The Boston Phoenix
January 11-18, 2001

[Out There]

No great shakes

What happens when two hands collide?

by Scott Kathan

shaking hands As a healthy, college-educated male with a decent job, I know that I am pretty damn lucky. My life is unencumbered by political, social, or economic turmoil. I have a loving family, a wonderful circle of friends, and even the most adorable fluffy black cat that you've ever laid eyes on. Life is good, and I enjoy a fairly relaxed existence. Until someone tries to shake my hand.

When I think about the "good old days," I remember a time governed by the simplicity and tranquillity that arose from the absence of handshake anxiety. There was a day when shaking hands could mean only one thing: two hands coming together in the traditional "old school" shake. With the introduction of the "soul brother" handshake, which entered popular culture by way of the civil-rights movement in the 1960s, that innocence was lost forever. You get only one chance to make a first impression, and if two hands come together with opposing handshakes, the awkwardness of that moment infects the relationship from the start. Handshakes can be hard, soft, bone-crunching, limp, clammy -- all of these I can take, and really, they mean very little to me. As long as the hands converge with the same intention.

Blame it on the Information Age, the global marketplace, the waning of regional American culture, or multicultural acclimatization: the world is getting smaller. Cultures that are far removed from each other now chat informally and unselfconsciously. White kids grow dreadlocks, Asian kids wear Native American designs, and black kids straighten their hair and dye it blond. There are Indian restaurants in black neighborhoods, and European restaurants in Asian neighborhoods. I blame this cultural cross-pollination for my fear of shaking hands.

It all started several years ago when my girlfriend and I ran into one of her old boyfriends after a day of skiing. No matter how much you tell yourself that you're secure in your relationship, it is always awkward to meet your honey's ex (just one of the host of invaluable life lessons I've learned from watching Ally McBeal). Mr. Ex and I simultaneously straightened into cock-fighting posture, each of us trying to display the air of proud males unruffled by the awkwardness of the situation. This, of course, made us both look completely and undeniably awkward. After the obligatory introduction, we eyed each other manfully and slowly extended our hands -- our gazes locked in feigned self-confidence. The instant his hand hit mine, I nearly shrieked like a puppy with its tail caught under the rocker. The bastard tried to hit me with the soul-brother shake!

Now, I may be rhythmically challenged, but I go way back with the soul-brother; it's an American classic, the only acceptable handshake on every sports team I've ever known. The hand angled up, the palm-to-palm interlocking with the fingers tight together -- heck, even my dad gives me a soul-brother every once in a while. But he is my father, and those were my teammates. The point is, you don't just soul-brother a complete stranger out of the blue, without warning. Unless, possibly, you actually are a soul brother. No, that first-meeting soul-brother really threw me, and planted a deep-seated neurotic awareness of the horrifying awkwardness you risk by consummating an introduction with a handshake. It taught me well that there is nothing worse than the clumsy convergence of two hands bearing different handshakes. If you haven't experienced it, then you've surely witnessed it -- the stunned, perplexed mutual stares, the jerky adjustment of grips that, in the worst of cases, leads to the dreaded "reverse opposing grip" shake, the precise mirror-image re-enactment of the very dorkiness that preceded it. The horror!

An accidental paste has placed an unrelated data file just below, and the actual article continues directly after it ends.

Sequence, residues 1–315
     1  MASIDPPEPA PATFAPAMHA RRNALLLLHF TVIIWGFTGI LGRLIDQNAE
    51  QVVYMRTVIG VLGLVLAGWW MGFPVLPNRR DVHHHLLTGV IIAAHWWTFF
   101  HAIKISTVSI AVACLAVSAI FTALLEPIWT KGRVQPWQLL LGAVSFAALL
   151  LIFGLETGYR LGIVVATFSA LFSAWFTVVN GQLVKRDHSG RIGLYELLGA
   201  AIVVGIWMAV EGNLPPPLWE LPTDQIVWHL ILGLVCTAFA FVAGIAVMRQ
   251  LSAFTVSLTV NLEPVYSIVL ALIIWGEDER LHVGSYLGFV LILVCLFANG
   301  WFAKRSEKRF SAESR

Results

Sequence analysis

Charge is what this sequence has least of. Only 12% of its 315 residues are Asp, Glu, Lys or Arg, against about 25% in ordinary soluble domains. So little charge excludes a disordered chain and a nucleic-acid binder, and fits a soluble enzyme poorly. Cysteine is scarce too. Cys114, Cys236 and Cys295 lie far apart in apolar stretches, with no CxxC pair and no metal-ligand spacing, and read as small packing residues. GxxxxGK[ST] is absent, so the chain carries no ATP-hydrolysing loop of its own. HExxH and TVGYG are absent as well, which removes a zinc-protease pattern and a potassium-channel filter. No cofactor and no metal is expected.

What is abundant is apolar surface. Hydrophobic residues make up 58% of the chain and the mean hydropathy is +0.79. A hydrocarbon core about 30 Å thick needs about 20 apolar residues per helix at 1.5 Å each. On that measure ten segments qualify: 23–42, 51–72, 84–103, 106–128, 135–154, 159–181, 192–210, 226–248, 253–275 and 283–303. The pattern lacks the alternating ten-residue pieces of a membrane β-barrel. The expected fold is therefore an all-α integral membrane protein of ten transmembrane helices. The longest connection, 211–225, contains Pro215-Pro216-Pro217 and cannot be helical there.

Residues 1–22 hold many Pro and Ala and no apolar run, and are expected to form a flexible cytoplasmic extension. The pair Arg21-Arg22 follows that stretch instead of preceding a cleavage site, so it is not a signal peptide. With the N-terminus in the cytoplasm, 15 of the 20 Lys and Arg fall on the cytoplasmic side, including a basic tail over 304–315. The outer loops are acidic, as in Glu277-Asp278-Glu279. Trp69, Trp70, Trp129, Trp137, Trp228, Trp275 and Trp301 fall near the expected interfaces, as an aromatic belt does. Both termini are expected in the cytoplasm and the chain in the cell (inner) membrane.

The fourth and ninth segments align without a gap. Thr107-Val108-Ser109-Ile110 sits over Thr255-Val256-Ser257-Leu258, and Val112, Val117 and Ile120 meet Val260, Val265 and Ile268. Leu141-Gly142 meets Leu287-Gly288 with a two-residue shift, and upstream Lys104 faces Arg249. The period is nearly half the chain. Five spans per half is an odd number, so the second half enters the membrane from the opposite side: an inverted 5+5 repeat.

These days, this petrifying affliction rears its ugly head every time I meet someone new. Call me old-fashioned, but I'm a firm believer in sticking with the "old school" until there is some consensual, unspoken agreement that it is time to break into something more informal. I firmly maintain that one should never, under any circumstances, extend a soul-brother at a first meeting. Yet the sad truth is that it has become more and more commonplace, especially in the alternative work culture of the high-tech sector. I have also noticed that it's become prevalent among club kids. What has happened to the youth of America?

And my problem is not confined to new introductions. Some of my friends, both white and black, seem to think I'm hipper than I really am, and casually sling affectionate soul-brothers at me as a regular form of greeting. My hesitation, my careful inspection of the hand coming at me, is mirrored in their perplexed eyes. With certain male friends, with whom an actual discussion of this problem is not an option (we are guys, after all), I have learned to avoid the problem by either a) raising a hand high into the air before bringing it down into the only grip that can comfortably handle the momentum, the soul-brother, or b) pretending I am a street-hardened, hip-hoppin' mack daddy presenting a fist ready for thumping. Picture me, a dorky white boy from the country, acting all "street hard" by offering the funky pseudo-black-power thump, all the while trembling with inner fear and indecision, and you'll realize that this is one strange affliction that I just can't shake.

Scott Kathan is the features editor of Stuff@Night magazine. He can be reached at, and strongly prefers that you just nod your head curtly if you ever meet him in person.

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